• I for one support the concept of legalized voluntary euthanasia. I believe that we should have a right to personal dignity and consideration of our loved ones which this entails. If and when I think that I have no positive purpose, I want to leave.


      • I’m not dis-agreeing with you George, as personally I very much agree with you, but do realise there are those who disagree vehemently too.. it is very personal for everyone.


  7. Thanks for your work. A lot of nursing homes, at least in the U.S., routinely prescribe numerous “chemical” restraints for those with dementia. The staffing levels are horrendously low in most places. It’s rather ironic, if you want quality medical care as you age in the U.S. prison is your best bet.


    • Prescribing them is tantamount to murder in many cases… it is a very hot topic here in Australia at the moment, and hopefully things will change. As you say, prison is a much betrter place to live than many aged care facilities! Or maybe a cruise ship, except a couple were sent off a ship here in Australia becasue the wife had dementia!


  8. Unfortunately the Dementia train like all ‘change’ trains is slow to move along, but move along it does despite the speed. Keep up the good fight as it encourages others to do the same. You’re getting there, it just may not feel like it. Blessings and love….. VK


  9. Hello, Kate – sometimes the way people with dementia are treated – both inside families as inside facilities – seems to be stuck in 19th century ways, or earlier. Although, I’ve learned, in some old cultures people who live with symptoms of dementia are treated as a natural part of society.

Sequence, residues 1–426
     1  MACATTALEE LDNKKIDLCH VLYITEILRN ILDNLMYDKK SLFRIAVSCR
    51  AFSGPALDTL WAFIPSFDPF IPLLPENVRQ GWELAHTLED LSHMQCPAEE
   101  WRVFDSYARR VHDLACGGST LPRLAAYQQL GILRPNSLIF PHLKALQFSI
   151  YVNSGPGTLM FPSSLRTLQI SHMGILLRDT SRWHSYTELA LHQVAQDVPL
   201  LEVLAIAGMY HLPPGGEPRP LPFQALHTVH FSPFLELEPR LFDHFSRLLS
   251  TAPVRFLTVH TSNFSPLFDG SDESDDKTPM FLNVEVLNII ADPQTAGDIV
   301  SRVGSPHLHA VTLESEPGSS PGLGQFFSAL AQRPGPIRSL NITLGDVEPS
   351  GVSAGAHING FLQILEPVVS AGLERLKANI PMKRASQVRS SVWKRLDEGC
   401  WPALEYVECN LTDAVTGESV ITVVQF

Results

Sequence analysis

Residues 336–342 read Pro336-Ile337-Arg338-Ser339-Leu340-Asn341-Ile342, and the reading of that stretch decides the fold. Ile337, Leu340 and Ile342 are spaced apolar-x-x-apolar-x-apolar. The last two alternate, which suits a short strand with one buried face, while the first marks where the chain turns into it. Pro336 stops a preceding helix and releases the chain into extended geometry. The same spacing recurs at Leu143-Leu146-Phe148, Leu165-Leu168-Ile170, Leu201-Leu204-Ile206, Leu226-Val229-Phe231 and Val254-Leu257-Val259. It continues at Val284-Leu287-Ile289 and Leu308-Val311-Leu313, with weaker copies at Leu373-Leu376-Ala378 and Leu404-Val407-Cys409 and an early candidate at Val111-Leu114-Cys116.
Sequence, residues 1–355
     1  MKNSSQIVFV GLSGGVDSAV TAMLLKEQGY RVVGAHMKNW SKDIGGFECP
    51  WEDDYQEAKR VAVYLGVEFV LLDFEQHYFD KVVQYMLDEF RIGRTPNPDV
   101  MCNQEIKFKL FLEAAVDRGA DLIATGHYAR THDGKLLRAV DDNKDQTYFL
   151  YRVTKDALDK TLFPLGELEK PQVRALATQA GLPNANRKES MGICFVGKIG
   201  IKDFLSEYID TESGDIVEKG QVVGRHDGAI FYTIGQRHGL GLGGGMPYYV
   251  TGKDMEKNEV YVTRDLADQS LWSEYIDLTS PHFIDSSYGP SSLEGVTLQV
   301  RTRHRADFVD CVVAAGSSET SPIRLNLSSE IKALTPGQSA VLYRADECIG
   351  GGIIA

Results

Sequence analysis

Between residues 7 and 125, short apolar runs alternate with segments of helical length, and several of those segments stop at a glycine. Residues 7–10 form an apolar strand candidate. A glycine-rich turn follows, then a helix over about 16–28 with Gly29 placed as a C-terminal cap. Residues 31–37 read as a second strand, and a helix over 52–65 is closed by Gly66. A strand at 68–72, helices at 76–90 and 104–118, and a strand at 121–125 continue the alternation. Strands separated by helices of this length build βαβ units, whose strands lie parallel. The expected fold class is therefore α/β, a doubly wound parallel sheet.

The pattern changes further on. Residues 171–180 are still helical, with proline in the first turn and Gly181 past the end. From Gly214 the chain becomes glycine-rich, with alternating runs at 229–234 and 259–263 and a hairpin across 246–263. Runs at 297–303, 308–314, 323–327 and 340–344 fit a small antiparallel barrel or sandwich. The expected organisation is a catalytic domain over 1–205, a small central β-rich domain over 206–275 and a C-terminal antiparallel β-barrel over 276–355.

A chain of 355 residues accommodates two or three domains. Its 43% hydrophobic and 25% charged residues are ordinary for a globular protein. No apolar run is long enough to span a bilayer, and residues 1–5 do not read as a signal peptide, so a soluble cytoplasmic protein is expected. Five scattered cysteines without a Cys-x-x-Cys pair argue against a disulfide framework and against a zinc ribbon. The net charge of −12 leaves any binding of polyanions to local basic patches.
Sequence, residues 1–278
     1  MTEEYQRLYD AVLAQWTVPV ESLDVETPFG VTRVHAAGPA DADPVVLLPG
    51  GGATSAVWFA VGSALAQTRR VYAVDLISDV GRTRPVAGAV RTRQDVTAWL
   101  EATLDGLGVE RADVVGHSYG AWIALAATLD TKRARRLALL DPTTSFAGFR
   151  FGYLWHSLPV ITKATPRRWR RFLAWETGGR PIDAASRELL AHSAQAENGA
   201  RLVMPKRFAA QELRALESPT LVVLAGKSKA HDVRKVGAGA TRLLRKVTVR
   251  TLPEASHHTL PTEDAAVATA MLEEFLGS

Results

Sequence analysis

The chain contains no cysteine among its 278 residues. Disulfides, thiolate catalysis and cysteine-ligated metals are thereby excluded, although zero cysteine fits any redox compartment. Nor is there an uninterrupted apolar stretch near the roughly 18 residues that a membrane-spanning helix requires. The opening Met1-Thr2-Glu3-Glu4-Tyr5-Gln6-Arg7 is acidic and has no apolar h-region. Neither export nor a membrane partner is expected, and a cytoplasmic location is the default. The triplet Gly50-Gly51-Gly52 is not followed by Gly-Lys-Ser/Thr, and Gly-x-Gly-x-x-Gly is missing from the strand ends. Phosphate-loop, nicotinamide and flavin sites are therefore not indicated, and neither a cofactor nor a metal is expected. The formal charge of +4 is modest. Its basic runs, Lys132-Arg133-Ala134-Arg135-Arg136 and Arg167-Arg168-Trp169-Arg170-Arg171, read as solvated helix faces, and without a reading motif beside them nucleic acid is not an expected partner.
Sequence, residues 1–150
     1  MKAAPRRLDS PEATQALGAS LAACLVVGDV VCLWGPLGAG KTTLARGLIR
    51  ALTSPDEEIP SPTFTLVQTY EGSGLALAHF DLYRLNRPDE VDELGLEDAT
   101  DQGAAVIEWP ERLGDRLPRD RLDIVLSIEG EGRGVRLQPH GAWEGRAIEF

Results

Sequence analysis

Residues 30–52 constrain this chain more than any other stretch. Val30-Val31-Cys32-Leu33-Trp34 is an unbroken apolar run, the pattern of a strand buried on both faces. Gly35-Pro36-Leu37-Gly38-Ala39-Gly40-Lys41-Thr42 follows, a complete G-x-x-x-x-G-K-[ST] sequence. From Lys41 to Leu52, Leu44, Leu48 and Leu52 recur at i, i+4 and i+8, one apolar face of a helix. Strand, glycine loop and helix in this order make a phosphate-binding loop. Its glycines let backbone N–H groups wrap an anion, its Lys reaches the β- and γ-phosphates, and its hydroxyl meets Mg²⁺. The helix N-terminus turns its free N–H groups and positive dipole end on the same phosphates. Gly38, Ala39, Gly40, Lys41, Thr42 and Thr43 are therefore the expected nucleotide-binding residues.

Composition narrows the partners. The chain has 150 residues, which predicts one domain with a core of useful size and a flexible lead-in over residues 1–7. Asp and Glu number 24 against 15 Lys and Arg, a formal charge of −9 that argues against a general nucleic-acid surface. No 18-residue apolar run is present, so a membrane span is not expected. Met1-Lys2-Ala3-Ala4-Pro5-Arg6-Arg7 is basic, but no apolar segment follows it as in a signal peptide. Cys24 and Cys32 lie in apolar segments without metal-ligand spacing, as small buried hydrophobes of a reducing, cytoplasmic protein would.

10. Hi Kate. I don’t take offence at the reworked cartoon. My wife has been in aged care for nearly 1 year. The type of care home you describe is nothing remotely like the one in which she resides. I think that is mainly because it is not run by private owners and operators but by a not for profit church centred organisation called Baptcare. I have been very happy with the care they provide, and the extra care they took with my wife while I had to go into hospital for 11 days. Their care is definitely person centred with all of the carers and nurses bringing a kind and patient approach to their work. I visit 5 times a week for up to 2 hours each time and I have never seen any physical restraints that you mention.
    So in summary, not all care homes are the same. My advice to anyone looking for an aged care home is go for one which in run by a not for profit organisiation.
    Keep up the good work with the advocacy.


    • Thank goodness she is receiving good care, I am THRILLED. Perhaps you are right, the not for profit aged care sector is doing it better than most. And I’m glad you didn’t take offence too, although realise some may. I guess my point about being caged in, is that we cannot simply put a lock on the front door of a mental health hospital, but we do in a nursing home or memory unit within the home, without any thought to human rights…